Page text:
I once took a painting into Sotheby’s in London to have it authenticated. Despite the signature, it seemed too much to hope it really was by Raoul Dufy. The head of Modern Painting, Julian Barran, confirmed my doubts.
“It’s quite good, though,” he said. “Might almost be an Elmyr.”
Well, having a painting by ace forger Elmyr de Hory, featured in Orson Welles’ F for Fake, was almost as good as having the real thing. Almost.
Barran pointed out that the signature used a colour of paint not present in the picture itself. Someone added it later. And De Hory was known never to sign his work, leaving that to the unscrupulous dealers who bought it.
“Yes, Elmyr was a rogue,” Barran concluded, “but not a villain.”
The distinction came to mind this week when two seasons on French TV, one devoted to Vincente Minnelli, the other to Georges Franju, intersected in one of those dream double bills - Minnelli’s 1948 The Pirate and Franju’s 1964 Judex.
The Pirate came complete with a back-story of disaster; performers like Lena Horne excluded on racial grounds (though Kelly smuggled in the Nicholas Brothers): Garland behaving even worse than usual, requiring the daily presence on the set of a psychiatrist: Louis B. Mayer, who thought the story “too highbrow”, demanding Kelly tone down the violence in the Mack the Blackballet (Remove references to killing babies? How bourgeois.) and excise entirely the number Voodoo as too erotic.
Happily, there’s lots left, including Niña,one of Kelly’s most inventive appearances ever, with an extraordinary exhibition of acrobatics in and around the balconies and walkways of a set obviously calibrated to the centimetre to fit his choreography. That over, the music
shifts, after a lyric opening, into a rhumba during which Kelly prances around a bandstand supported on vertical poles. His jerky, almost grotesque movements, with bent elbows and knees, grimaces and hand gestures, and including some flamenco stamping, all with a brassy Conrad Salinger orchestration, are as unlike other Kelly numbers as the song itself. How much the studio disliked everything about it can be inferred from Kelly’s sound-track recording. It speeds up the tempo, and its Cuban beat, not to mention the orchestration, is submerged in a sludge of conflicting tempi.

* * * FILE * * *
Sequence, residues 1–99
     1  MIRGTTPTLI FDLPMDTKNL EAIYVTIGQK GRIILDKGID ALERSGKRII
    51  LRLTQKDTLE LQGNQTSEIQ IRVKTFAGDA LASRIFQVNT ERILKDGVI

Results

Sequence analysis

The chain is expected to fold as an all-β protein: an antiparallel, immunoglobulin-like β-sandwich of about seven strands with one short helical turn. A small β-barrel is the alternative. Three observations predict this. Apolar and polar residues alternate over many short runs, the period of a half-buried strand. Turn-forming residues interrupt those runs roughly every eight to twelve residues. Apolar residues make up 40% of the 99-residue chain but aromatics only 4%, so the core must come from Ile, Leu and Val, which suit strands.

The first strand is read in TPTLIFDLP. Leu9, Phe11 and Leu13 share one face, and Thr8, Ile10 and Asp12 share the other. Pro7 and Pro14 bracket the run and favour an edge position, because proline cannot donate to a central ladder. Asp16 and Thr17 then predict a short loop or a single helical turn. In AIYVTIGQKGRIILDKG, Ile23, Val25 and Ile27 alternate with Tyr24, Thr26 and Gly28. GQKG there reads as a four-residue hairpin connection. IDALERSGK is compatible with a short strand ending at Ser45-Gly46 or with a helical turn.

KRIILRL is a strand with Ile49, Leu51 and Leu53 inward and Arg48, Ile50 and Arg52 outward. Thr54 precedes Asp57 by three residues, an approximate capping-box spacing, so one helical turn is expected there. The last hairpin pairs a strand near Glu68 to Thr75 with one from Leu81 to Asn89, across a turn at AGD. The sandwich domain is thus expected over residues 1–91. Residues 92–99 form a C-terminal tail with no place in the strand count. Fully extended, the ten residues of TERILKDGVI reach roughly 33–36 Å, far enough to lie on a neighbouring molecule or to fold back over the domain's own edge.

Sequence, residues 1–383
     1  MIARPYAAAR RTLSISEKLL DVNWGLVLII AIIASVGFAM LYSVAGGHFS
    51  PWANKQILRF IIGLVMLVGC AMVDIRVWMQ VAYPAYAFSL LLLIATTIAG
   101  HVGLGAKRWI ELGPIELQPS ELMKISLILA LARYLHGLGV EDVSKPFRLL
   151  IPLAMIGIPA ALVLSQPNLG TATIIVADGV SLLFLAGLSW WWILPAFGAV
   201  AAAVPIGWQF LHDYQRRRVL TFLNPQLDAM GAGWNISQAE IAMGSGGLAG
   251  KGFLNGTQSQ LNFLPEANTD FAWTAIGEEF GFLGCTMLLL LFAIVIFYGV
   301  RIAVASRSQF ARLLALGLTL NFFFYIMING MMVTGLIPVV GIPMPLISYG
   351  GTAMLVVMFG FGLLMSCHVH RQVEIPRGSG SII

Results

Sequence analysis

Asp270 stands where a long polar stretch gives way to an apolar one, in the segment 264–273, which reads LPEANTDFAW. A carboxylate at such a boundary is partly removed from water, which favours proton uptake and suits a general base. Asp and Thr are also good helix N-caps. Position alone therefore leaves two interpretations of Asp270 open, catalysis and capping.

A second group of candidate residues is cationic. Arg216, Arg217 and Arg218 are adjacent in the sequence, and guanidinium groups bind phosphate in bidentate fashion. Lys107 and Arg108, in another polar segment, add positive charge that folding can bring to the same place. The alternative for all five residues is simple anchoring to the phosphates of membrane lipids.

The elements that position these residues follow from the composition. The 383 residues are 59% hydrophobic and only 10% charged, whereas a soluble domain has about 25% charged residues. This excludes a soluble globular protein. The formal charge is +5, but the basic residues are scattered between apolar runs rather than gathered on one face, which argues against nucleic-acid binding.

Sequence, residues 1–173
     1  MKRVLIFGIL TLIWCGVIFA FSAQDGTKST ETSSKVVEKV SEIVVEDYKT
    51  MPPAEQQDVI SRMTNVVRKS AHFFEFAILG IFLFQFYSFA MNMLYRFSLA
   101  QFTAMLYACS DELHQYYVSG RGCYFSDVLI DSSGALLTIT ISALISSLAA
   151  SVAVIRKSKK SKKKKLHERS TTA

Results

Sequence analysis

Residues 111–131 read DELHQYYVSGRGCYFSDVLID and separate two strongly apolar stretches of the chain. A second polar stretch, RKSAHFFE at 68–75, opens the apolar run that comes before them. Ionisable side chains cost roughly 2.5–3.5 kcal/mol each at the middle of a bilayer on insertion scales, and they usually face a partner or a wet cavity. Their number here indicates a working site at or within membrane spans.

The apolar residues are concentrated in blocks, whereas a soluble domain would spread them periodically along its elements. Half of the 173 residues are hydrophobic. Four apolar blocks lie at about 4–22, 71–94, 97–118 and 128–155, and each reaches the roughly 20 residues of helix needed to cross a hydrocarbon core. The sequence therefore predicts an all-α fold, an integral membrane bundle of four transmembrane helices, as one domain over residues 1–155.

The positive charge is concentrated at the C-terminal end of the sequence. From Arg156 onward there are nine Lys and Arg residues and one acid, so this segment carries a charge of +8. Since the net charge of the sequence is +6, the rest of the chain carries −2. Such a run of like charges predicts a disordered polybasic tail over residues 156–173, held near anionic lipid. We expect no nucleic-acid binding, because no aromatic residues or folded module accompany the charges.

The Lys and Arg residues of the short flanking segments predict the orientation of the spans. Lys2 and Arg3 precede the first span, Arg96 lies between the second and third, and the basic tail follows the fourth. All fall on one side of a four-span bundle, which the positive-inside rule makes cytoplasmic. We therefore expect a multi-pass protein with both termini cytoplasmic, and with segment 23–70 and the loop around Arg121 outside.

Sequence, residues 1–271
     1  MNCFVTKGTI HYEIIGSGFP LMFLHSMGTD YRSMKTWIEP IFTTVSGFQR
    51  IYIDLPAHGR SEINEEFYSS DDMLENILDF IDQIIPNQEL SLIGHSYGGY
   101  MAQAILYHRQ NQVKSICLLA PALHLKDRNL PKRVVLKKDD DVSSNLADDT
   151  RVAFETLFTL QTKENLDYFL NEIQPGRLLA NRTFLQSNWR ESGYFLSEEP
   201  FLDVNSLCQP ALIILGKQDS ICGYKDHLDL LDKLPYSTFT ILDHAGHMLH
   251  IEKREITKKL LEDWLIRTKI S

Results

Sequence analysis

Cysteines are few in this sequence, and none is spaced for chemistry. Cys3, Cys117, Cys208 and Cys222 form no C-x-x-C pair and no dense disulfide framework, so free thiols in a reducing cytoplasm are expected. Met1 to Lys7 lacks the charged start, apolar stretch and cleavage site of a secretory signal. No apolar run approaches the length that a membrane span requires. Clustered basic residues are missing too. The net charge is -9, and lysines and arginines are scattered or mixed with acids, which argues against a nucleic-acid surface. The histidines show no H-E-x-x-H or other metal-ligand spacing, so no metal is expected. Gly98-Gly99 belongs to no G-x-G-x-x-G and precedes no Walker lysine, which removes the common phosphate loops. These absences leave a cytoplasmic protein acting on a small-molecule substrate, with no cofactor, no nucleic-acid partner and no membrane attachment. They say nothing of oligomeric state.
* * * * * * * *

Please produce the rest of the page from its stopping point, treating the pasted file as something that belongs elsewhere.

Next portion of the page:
As for Judex, in Australia it came out just after we were bewitched by Jules et Jim and Vivre Sa Vie. The general reaction in informed circles, not only in Australia, was “What’s this shit?” You really needed to know the pre-World War I serials of Louis Feuillade of which it was a pastiche. That excluded almost everyone, myself included, Then, too, it was filmed in a misty monochrone, nothing like the crisp blacks and whites of Raoul Coutard and Henri Decae. Who knew that Franju, au fond a cinema historian – he co-founded the Cinématheque Française with Henri Langlois – was evoking the orthochromatic film on which those early films were shot?
Judex is built around an outlaw as well, the avenger Judex, who leads his troupe of masked, caped and gloved helpers around pre-World War I France in a vendetta against Favreau, a crooked banker, in the course of which they must also foil the efforts of a criminal gang to kidnap the banker’s daughter.
Jack Nicholson advised Michael Keaton, nervous about playing Batman, “Let the costume do the work.” Franju cleaves to the same counsel. Judex, in the person of stage magician Channing Pollock, arrives in tails at a costume ball in Favreau’s chateau where everyone has the mask of a bird. His is that of a falcon (below), Favreau’s, naturally, a vulture. After wowing the crowd by producing dove after white dove from his person, he pauses only to hand Favreau a flute of drugged Dom Perignon and disappears into the night. Joaquin Phoenix isn’t in the race.
As in Batman, where the true star, judged by flamboyance and prominence in the story, is The Joker, the most effective menace in Judexisn’t embezzler Favreau or even Judex but the leader of the kidnap gang, Diana Monti, the role that, for Feuillade. was played by Jeanne Roques, alias Musidora.
One can only guess at the effect of Musidora’s black body stocking and domino mask on adolescents of a century ago, but as Monti in Judex, Francine Bergé is no slouch. She is so much more fun than Edith Scob as the frail heiress, forever fainting and having to be rescued - on one occasion from a river on which she serenely floats, Ophelia-like, watched incredulously by some kids fishing.
|Francine Berge, Judex|
YouTube has some clips from The Pirate, including a portion of Niña, though with a witless preamble about Kelly “inventing pole dancing.” Kelly’s soundtrack performance can also be heard, in all its horror, as well as the audio of Voodoo. Judex is better served by the full version, without, however, English titles. Not to mention the Feuillade originals.